The institute’s report said between 45,000 and 98,000 Americans die each year because of medical errors.

A 2009 report by the Pennsylvania Department of Health found that Pennsylvania hospitals reported 13,771 health care-associated infections from July 1 to Dec. 31 of the previous year.

The subclavian artery from which Dongilli removed fake blood is located next to the vocal cords, the carotid artery and the lungs. In the event a physician needs to find that artery, precision is necessary.

This is why Rogers’ students spend two hours per day, five days per week at the institute.

The class is not mandatory, but Rogers said most of the students sign up. He said it’s a kind of experience that doesn’t exist in a textbook.

“I never saw a patient who had multiple choice answers on their chest,” he said.

His students take turns “running the code” — or managing a patient’s treatment.

Adam Fang ran the code Friday when the students couldn’t restart Smith’s heart. On the other side of a one-way mirror, operators watched and controlled Smith’s vitals. Someone spoke through a microphone as Smith’s voice and manipulated controls that can stop Smith’s heart.

Fang said he sees the positive in the experience.

“It’s trial by error here so we don’t mess up on the floor,” he said.

Amanda Stephenson, the student who applied the defibrillator, said it can be scary, especially when Rogers tells them how he’s seen their simulation situation really happen.

Rogers stopped the simulation to review what went wrong.

The procedures are all recorded so that later, even at home, the students can go online and review their procedures and mistakes.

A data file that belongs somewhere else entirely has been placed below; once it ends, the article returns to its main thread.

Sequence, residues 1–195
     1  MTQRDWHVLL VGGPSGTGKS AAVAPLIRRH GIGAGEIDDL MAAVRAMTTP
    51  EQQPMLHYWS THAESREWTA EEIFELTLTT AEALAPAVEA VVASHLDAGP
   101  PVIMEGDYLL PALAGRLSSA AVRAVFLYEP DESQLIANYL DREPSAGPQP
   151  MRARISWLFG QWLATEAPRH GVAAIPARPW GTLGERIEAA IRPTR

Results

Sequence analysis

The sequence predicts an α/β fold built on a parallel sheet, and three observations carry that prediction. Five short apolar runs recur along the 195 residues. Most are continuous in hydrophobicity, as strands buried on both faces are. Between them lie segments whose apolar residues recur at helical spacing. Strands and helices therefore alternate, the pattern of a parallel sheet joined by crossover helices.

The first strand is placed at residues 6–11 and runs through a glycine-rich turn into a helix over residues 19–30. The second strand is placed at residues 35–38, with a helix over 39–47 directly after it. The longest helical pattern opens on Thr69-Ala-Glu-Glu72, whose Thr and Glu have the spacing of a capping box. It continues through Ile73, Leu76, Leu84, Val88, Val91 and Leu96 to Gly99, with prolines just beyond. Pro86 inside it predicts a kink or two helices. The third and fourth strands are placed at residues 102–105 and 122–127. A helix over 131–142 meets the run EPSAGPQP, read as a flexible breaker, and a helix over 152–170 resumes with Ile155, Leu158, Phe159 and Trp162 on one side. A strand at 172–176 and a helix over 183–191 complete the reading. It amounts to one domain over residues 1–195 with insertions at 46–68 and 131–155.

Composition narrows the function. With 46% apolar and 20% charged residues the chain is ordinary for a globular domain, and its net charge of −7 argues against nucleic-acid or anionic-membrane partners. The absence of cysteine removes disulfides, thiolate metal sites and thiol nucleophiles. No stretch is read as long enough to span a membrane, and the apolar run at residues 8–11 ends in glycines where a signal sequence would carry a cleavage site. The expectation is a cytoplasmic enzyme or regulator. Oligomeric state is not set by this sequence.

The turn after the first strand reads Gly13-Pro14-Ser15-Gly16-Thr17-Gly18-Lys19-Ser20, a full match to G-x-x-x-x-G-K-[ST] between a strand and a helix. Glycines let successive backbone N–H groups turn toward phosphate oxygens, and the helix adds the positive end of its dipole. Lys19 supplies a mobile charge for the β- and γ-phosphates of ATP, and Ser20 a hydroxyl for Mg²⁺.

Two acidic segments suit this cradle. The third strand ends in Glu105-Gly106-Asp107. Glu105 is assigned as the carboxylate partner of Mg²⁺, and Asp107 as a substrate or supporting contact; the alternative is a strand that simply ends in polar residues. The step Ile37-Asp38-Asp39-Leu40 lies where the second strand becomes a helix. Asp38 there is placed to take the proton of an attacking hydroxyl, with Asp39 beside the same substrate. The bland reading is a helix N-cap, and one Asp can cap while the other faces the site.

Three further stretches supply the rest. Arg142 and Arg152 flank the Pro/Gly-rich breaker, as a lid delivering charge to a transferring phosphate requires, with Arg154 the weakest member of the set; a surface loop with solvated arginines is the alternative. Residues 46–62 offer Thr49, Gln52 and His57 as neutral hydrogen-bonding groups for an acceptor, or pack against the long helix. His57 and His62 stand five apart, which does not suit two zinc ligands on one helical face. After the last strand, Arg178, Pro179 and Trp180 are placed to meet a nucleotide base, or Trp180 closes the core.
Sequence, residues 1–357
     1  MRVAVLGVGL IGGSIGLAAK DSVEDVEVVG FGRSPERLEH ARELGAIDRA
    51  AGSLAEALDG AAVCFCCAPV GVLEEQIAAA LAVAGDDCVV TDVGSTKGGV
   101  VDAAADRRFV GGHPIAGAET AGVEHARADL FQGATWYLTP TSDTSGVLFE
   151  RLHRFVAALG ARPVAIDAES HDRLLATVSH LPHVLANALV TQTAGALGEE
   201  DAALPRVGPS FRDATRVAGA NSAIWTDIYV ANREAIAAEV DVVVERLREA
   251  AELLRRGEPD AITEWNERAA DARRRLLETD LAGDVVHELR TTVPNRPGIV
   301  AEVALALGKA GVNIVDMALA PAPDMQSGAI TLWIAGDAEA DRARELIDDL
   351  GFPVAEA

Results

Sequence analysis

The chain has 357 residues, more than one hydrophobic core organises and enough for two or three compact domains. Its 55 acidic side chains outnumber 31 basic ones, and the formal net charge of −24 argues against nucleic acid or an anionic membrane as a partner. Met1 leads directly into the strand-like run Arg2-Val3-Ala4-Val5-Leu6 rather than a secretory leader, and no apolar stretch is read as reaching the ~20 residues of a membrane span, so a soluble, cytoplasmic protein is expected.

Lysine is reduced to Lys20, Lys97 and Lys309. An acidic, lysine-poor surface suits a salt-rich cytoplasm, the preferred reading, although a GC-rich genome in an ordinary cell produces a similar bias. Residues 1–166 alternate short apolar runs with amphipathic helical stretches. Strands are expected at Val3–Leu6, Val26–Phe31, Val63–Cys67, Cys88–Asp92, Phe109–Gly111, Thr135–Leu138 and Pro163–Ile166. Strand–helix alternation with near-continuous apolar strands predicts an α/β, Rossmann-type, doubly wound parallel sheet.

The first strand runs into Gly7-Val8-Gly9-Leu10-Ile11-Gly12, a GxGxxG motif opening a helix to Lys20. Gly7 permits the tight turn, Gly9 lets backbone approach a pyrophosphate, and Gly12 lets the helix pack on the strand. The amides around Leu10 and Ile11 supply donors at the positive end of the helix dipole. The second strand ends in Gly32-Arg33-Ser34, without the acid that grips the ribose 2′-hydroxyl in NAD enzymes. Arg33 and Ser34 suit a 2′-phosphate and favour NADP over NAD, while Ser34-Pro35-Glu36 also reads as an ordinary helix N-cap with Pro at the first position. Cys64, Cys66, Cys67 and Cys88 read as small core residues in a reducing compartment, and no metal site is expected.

Simulation services coordinator Melissa Wanker cited one area of the program in need of improvement: Laerdal Medical, a Norwegian company, manufactured most of the mannequins, and they are mostly pale, blond and 5 feet tall, with flat stomachs and blue eyes.

Wanker suggested different kinds of mannequins — obese ones, for instance — to achieve a greater realism.

Still, Dongilli said the Wiser program is as close to the real deal as it can be.

The program prepares Pitt medical students in various disciplines, and it involves doctors from varied backgrounds who work part time with the institute.

The Institute also offers a program for Basic Life Support training that any member of the public can take.

Dongilli said the results of their work already show.

Children’s Hospital of Pittsburgh of UPMC has now been named a Leapfrog Top Hospital two years in a row. The Leapfrog Hospital Survey is a national public comparison of hospitals on issues like infections rates and safety practices.

A Tribune-Review report found a 43 percent decrease in a kind of intensive care unit bloodstream infection since 2001.

The realism of the experience is key to reducing mistakes in the field.

When a student makes a mistake in the institute, Dongilli said, and Smith goes down, that student will never make the same mistake again in his career.